Wednesday, 26 July 2017

Shock Horror, Promiscuity on a Greek island!

On the island of Paros in the Cyclades there is a shocking level of promiscuity. This is no tittle-tattle. It has been going on for years and is officially sanctioned. How could this be?

 Well, the typical grapes are Monemvassia (white) and Mandilaria (red). It was decided in the mists of time that since the Mandilaria of Paros is so deeply coloured and tannic it may be blended promiscuously* with as much as 80% Monemvassia to make red wine!

We've heard of a dash of Viognier in Rhone blends but this is surely unprecedented.  Does it taste like red wine? Is it any good? The answer is a resounding 'yes,' especially when made by Moraitis, the best known producer on the island.

Monemvassia itself is a fascinating variety. At first, we assumed this was just another Malvasia which name is supposed to be a corruption of the name of the Greek port of Monemvasia from where Malvasia is supposed to have come. Monemvassia may also have come from Monemvasia but this Monemvassia is actually a separate historic variety not related to any Malvasia. It is mostly found on Paros with some plantings in the Peloponnese.

Moraitis make a monovarital Monemvassia as well as a range of other wines. We bought one of these and their Sillogi red.

Sillogi is Greek for Blend and it is this one that is apparently 66% Monemvassia and the rest Mandilaria.

 The Moraitis Winery is situated near the seaside town of Naousa. This is confusing because there is a much more familiar Naousa (or Naoussa) in Macedonia on the eastern slopes of Mount Vermion, 92km west of Thessaloniki where Boutariand others make celebrated wine mainly from Xinomavro.

The vineyards of Paros, like so much else to do with Paros wine are individual with the vines grown so close to the ground as to look more like rootstocks.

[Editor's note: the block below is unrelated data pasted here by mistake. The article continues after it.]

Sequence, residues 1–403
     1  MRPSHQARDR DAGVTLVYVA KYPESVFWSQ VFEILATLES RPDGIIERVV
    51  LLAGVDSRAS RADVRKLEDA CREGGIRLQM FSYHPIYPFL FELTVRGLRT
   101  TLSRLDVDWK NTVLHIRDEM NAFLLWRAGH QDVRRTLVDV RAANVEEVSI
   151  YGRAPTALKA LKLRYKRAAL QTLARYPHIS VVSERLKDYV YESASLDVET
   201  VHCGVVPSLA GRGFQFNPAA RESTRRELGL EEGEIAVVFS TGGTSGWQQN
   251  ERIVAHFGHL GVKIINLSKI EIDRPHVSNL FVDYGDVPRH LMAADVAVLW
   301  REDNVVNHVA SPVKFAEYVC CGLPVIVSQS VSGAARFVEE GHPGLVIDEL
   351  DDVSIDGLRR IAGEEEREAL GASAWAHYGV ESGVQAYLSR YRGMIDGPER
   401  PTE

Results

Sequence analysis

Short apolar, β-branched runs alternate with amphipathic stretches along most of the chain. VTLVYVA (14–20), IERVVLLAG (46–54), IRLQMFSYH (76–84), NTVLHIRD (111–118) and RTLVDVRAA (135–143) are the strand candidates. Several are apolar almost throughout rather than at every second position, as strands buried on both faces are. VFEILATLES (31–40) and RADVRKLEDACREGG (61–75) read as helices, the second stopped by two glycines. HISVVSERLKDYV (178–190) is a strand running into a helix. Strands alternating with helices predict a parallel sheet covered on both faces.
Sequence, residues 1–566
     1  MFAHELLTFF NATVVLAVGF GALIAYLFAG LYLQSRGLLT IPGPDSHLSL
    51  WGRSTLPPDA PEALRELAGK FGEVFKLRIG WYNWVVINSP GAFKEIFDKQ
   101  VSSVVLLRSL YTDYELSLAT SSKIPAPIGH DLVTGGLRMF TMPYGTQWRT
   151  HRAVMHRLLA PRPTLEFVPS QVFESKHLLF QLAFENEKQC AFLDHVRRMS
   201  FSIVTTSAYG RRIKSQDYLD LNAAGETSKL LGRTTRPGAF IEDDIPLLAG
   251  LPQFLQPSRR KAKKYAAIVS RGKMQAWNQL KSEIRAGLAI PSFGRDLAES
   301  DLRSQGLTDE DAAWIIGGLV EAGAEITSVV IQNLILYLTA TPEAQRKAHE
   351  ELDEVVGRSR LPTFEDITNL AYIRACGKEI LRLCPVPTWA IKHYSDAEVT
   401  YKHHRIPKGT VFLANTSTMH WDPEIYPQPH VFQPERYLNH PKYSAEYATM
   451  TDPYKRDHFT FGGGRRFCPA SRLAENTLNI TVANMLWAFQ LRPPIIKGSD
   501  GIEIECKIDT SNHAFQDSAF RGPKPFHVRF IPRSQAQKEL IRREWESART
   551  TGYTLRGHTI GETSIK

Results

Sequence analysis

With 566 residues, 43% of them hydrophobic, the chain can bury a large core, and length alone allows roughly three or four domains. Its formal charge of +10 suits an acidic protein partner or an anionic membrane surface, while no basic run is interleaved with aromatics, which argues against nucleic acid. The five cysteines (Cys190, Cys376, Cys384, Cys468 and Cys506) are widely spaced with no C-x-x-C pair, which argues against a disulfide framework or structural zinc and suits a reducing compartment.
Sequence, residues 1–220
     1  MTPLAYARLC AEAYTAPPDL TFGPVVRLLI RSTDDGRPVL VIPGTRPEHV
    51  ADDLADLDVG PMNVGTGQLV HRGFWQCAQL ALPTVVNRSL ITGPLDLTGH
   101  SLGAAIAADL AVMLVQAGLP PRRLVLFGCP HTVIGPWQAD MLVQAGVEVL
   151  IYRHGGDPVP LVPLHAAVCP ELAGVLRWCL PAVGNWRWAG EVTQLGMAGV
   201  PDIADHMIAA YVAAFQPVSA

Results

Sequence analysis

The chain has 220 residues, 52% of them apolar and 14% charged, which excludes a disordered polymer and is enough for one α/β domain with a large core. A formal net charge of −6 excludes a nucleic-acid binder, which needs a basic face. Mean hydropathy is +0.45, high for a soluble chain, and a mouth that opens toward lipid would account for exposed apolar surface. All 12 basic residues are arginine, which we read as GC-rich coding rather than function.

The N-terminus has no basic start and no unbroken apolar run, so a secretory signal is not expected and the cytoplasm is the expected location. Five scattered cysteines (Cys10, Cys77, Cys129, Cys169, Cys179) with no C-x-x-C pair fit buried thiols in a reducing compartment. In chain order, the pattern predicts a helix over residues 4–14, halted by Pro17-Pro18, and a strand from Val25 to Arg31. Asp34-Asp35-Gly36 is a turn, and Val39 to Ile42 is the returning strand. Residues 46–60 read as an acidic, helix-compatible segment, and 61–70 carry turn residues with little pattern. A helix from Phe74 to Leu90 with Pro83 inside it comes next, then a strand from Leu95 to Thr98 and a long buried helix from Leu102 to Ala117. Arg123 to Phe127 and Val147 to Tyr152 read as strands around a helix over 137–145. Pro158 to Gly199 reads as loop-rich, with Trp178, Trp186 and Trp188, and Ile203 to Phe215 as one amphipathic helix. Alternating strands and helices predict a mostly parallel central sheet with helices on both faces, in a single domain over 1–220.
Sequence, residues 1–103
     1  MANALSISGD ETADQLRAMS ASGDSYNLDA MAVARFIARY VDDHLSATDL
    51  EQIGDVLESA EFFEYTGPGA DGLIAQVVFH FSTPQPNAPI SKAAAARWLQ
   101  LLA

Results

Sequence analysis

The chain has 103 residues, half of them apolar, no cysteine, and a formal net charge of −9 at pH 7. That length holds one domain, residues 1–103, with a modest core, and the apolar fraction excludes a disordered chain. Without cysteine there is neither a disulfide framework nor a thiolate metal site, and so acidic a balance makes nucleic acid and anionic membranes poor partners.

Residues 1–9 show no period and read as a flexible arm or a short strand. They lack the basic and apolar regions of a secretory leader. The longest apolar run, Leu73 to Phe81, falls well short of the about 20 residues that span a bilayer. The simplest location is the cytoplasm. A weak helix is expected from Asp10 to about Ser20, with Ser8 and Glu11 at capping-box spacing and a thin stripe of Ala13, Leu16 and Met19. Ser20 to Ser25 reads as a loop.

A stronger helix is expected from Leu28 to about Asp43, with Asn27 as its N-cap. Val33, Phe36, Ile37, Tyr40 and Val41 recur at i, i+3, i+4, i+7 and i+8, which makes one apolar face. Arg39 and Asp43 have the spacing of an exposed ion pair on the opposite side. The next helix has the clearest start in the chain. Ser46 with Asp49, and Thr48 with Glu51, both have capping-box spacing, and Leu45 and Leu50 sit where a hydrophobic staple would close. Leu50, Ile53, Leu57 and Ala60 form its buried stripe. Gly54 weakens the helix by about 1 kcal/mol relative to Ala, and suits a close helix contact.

Moraitis has a very handsome cellar and tasting room.

We're not sure why the bottles have to be kept under lock and key but visitors are given the freedom to roam around the spacious lower floor

where barrels slumber under the watchful eye of a Mrs Moraitis of old.

The winery is justly celebrated with numerous awards and well established distribution to the major world markets.

 Pretty good for a vineous knocking shop!

*Promiscuity in wine has been defined as 'The act of blending multiple, mutually attractive grape varieties in an assortment of unorthodox combinations. Implies a wanton disregard for convention.'

Tuesday, 18 July 2017

The INRA/Vassal collection: 7,800 items in one morning.

A Slotovino visit to the world's greatest Grape Collection was always required and the kind INRA* people at Domaine Vassal, Marseillan-Plage near Sete and Montpellier, France allowed us a private view although normally visits are for groups only. We were particularly grateful because incredibly, the 7,800 accessions including multiple samples of 2,700 Vitis grapes, 1,100 interspecific hybrids, 400 rootstocks, 350 wild varieties and 60 species of Vitaceae will be moved to the Pech Rouge Experimental Unit (Gruissan, near Narbonne, Aude) over the next few years because the owners of Domaine Vassal have decided they would like to use it for something else.

The collection has been built up since 1876 by the Montpellier Agricultural School (now Montpellier SupAgro) and has been at Vassal since 1949. The sandy site is inhospitable to Phylloxera and the Xiphinema Index Nematode. the collection has been built up from exchanges with other collections all over the world, private gifts, discoveries by their own researchers, viticulturalists, vine nurseries and hobbyists.